Since 17 USC 117a(1) permits the adaptation, there could be just a single transaction, with a verifiable request by the end user for Psystar to install the user-purchased OSX on the computer. Of course, Psystar never pursued this avenue.

No, there couldn't be a single transaction. The person making the adaptation needs to be doing it at the behest of the owner of a lawful copy. The transaction to make the user the lawful owner must take place before the transaction to make the copy.

"Unfortunately, that is simply infeasible for any kind of mass production since each machine would need to be hand processed using the specific disk from the specific copy purchased.

Pure conjecture. It could be profitable. Lots of small computer houses use individual discs.

I didn't say it couldn't be profitable, I said it's infeasible for mass production. Since you are even specifically said "small computer houses" I'm going to assume you actually agree with me. Nobody is going to build a national or international hardware business installing modified versions of OS X 1 machine at a time, by hand, from original media.

The imaging machine is another point that Psystar didn't fight very well. But it doesn't matter, as they could have just used individual disks, and the point would have been moot.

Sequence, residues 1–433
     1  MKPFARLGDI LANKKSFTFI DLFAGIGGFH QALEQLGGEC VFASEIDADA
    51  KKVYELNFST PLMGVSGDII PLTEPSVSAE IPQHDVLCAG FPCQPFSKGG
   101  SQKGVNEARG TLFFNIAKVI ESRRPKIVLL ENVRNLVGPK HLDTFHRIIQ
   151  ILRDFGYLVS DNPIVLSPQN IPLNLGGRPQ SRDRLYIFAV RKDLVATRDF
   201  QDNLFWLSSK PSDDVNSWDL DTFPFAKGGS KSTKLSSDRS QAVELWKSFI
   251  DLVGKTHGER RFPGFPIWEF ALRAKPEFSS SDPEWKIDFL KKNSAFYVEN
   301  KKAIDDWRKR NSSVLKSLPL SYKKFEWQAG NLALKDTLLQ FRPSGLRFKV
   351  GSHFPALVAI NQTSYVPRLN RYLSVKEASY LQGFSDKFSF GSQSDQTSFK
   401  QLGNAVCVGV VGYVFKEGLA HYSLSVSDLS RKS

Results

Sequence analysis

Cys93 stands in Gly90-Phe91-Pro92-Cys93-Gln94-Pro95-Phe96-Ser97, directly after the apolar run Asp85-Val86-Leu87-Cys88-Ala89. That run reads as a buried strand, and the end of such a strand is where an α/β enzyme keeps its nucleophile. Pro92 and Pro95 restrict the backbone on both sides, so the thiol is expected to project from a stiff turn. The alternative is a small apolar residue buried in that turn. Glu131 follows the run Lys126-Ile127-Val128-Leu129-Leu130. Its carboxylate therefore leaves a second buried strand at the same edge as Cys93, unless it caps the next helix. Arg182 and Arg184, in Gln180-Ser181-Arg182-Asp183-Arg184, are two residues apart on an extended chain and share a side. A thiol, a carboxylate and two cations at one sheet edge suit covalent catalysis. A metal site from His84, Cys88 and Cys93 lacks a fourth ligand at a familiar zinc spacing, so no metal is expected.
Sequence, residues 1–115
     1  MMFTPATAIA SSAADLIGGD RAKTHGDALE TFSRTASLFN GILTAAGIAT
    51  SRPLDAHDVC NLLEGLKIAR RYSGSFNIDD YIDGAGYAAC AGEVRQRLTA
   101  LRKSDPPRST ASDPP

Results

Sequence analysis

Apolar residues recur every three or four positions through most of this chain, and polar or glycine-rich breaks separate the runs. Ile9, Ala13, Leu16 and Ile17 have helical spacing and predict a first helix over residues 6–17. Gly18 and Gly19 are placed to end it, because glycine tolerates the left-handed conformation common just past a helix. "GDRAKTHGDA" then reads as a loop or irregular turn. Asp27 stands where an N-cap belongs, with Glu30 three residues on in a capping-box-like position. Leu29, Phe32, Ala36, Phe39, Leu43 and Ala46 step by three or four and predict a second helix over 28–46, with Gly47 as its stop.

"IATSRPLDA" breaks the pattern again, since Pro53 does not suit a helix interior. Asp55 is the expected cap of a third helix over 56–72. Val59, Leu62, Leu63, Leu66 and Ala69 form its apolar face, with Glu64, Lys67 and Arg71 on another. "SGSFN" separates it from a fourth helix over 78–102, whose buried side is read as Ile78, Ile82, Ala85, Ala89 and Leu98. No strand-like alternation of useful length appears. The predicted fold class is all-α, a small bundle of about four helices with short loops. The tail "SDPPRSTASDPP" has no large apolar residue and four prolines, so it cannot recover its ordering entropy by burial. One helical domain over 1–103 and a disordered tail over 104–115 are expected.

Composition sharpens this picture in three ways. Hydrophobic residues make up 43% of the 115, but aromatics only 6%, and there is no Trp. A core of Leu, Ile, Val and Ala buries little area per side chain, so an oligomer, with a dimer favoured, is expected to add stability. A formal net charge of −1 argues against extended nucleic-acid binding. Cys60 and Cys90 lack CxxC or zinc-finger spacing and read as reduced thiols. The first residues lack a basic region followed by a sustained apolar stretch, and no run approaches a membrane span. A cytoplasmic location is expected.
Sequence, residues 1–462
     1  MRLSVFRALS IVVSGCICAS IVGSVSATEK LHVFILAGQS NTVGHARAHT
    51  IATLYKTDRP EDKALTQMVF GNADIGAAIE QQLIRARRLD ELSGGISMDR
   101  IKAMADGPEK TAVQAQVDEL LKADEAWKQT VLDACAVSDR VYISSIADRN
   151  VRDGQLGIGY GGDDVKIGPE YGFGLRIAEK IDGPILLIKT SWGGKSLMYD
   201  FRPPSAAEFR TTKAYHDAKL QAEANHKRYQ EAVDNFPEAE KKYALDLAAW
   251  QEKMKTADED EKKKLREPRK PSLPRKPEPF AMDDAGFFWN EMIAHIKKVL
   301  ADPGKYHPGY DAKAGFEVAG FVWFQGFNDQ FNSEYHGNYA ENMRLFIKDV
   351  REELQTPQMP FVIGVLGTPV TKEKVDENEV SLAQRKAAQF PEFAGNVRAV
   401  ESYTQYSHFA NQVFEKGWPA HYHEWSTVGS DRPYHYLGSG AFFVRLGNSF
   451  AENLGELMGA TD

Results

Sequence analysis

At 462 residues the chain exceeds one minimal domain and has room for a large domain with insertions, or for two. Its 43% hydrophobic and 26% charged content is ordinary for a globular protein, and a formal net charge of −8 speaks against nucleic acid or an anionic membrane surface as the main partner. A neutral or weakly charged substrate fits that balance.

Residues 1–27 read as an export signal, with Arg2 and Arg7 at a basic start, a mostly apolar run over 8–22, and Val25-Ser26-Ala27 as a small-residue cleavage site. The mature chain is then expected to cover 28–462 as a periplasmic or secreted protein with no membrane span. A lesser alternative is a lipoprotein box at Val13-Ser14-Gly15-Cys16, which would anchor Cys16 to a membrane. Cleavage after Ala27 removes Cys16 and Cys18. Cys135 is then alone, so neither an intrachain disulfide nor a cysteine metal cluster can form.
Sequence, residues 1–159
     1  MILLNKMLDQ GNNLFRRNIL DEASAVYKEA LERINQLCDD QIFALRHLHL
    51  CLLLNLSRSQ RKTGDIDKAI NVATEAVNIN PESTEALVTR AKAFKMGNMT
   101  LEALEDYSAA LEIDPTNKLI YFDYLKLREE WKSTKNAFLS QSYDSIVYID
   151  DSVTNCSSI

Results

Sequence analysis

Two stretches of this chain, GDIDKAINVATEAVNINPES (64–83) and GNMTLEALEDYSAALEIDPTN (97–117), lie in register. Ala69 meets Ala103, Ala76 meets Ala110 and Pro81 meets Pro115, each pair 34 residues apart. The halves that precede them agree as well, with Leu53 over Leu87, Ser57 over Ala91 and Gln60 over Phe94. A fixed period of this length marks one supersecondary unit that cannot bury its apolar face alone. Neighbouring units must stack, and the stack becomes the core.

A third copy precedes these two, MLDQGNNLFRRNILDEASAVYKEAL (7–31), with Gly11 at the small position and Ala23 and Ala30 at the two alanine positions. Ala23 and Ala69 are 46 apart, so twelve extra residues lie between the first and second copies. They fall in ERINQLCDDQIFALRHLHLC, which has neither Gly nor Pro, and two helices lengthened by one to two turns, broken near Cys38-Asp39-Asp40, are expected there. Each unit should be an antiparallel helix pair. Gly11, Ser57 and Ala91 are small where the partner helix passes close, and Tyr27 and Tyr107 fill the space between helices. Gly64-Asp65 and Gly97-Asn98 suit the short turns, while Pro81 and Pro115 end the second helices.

The didn't fight it very well because it's indefensible. Did you read the ruling? Page 6 starting at line 15 explains why and immediately before that is the precedent. Money quote: "[the Ninth Circuit held that this was not fair use..." If they used individual disks their business model would fall apart since they were talking about selling thousands and 10s of thousands of computers, not hundreds. So I guess not only was this judge biased, the 9th circuit was biased in 2006 when it made that ruling.

It is of no consequence, whether or not those topics fall within the realm of copyright law. What is important is whether or not Psystar violated copyright law.